3.2. In support of their grounds the appellants cited the following decisions:
(i) S.Sawant & Co. Vs. Commissioner of Customs (General), Mumbai – 2012 (284) E.L.T. (Tri.- Mumbai)
(ii) Principal Commissioner of Customs (General), Mumbai Vs. Unison Clearing P Ltd. – 2018 (361) E.L.T. 321 (Bom.)
(iv) Delta Logistics Vs. Union of India – 2012 (286) E.L.T. 517 (Bom.) In view of the above, they requested that impugned order be set aside and consequential relief be granted to them.
4. Learned Authorised Representative (AR) reiterated the findings made by the Commissioner of Customs (General) in the impugned order and submitted that each of the violation under sub-regulations (a), (d), (f) and (n) of Regulation 10 of CBLR, 2018 has been examined in detail by the Commissioner. The appellants CB got all the documents for import from one Sunil Kalbhor who is neither IEC holder nor importer’s representative; they never verified the authenticity of KYC documents; had they cross checked or had they conducted verification at their level, by calling over phone or by meeting the IEC holder, then they could have easily made out that the IEC holder is not the actual importer of the goods. Thus, learned AR justified the action of Commissioner of Customs (General) in revocation of the appellant’s CB license, imposition of penalty and forfeiture of security deposit in the impugned order and stated that the same is sustainable in law. It is further stated by him that the delay in completing the CBLR proceedings were on account of unavoidable administrative reasons.
5. Heard both sides and perused the case records. We have also considered the additional written submissions given in the form of paper book by learned Advocates for the appellants as well as Authorised Representative for the Revenue.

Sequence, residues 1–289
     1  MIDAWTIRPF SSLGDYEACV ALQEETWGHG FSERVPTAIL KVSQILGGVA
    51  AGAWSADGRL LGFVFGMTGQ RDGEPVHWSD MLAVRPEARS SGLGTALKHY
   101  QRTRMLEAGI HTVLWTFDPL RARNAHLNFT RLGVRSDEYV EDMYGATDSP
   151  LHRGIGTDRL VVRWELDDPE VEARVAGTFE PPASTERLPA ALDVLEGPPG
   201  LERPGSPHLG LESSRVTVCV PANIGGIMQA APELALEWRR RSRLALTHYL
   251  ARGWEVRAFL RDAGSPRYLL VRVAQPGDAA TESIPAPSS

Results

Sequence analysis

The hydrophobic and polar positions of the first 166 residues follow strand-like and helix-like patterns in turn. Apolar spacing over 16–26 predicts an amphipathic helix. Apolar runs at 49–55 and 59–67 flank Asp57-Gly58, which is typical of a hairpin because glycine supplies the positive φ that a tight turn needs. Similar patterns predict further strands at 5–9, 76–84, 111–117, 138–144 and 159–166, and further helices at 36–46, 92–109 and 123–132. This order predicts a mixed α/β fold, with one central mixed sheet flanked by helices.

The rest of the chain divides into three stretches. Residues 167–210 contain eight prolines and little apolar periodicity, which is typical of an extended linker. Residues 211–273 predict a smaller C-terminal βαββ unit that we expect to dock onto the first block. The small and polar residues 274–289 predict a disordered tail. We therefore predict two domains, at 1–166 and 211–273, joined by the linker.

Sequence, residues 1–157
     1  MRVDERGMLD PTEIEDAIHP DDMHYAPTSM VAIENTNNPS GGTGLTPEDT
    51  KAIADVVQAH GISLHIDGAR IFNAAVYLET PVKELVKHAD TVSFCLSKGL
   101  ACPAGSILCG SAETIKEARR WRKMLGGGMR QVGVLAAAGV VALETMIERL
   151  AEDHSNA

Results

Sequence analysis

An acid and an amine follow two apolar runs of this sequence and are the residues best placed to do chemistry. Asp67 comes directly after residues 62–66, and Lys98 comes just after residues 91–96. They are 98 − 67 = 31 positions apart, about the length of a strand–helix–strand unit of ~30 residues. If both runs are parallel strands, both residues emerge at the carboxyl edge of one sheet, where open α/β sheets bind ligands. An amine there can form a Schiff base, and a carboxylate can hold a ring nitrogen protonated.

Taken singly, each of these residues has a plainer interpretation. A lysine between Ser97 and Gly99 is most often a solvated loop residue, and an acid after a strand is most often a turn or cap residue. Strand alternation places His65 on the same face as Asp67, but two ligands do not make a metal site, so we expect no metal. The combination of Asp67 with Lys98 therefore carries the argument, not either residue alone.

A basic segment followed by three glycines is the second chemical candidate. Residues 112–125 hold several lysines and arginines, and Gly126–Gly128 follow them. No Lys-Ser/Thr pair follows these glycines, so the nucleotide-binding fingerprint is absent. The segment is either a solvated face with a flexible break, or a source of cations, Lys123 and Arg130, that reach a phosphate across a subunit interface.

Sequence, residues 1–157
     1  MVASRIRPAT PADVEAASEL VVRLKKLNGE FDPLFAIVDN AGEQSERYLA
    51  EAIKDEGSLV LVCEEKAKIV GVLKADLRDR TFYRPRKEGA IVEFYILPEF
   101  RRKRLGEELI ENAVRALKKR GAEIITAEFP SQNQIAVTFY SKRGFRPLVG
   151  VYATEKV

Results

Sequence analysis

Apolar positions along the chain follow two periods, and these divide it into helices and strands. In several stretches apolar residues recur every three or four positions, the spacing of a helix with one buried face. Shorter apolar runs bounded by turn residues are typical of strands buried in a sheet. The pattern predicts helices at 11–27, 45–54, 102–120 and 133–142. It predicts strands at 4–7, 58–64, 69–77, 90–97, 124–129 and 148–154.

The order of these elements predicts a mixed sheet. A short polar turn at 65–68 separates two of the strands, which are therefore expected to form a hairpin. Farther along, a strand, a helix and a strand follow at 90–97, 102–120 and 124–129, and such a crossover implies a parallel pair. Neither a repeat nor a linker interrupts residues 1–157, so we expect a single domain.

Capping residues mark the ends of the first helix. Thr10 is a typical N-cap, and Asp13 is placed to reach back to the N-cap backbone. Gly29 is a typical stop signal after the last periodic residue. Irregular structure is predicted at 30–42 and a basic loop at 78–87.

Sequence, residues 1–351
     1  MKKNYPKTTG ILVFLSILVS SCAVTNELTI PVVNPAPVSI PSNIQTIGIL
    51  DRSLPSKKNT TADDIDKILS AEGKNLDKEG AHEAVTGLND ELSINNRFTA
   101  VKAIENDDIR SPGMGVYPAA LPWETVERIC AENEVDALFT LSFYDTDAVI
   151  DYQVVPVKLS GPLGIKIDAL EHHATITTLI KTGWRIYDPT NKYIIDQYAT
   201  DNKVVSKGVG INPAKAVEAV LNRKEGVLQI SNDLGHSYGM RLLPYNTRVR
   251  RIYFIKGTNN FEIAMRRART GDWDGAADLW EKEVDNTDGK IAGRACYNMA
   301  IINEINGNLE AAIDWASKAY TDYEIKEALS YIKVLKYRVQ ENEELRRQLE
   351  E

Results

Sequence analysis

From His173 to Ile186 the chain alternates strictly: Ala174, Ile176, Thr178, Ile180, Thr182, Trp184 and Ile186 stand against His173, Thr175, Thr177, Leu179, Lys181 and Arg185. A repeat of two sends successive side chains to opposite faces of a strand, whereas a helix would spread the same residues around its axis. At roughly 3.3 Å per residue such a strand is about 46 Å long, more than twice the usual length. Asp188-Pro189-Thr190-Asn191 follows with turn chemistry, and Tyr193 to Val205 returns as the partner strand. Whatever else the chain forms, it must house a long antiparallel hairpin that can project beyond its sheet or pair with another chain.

6.1. The issue involved herein is to decide whether the appellant Customs Broker has fulfilled all his obligations as required under CBLR, 2018 or not. The specific sub-regulations which were violated by the appellants as mentioned in the impugned order are Regulations 10(a), 10(d), 10(f) and 10(n) of CBLR, 2018, and hence there are four distinct charges framed against the appellant. Though in the initial Inquiry Report dated 14.11.2019 major three charges are concluded as ‘not proved’ by the Inquiry Officer, and sub-regulation 10(d) alone as ‘proved’, the impugned order has been issued by holding that all the said four sub-regulations 10(a), 10(d), 10(f) and 10(n) of CBLR, 2018, have been violated by the appellants CB. We do not find any mention of Disagreement Memo having been issued to the appellants for proceeding against them, for taking a different stand contrary to the findings of the inquiry report in respect of the charges held as ‘not proved’, in the impugned order. However, we find that the Commissioner of Customs (General) had taken into consideration the written submission made by the appellants vide their letter dated 11.07.2020 and the record of oral submission made at the time of personal hearing on 30.07.2020, for considering the charges of violations against them, in respect of inquiry report having concluded as ‘not proved’, before passing the impugned order. Thus, we are of the considered view that sufficient and reasonable opportunity was given to the appellants before passing an order, in respect of charges framed against them and there is no infirmity of the impugned order in not following the principles of natural justice in this regard.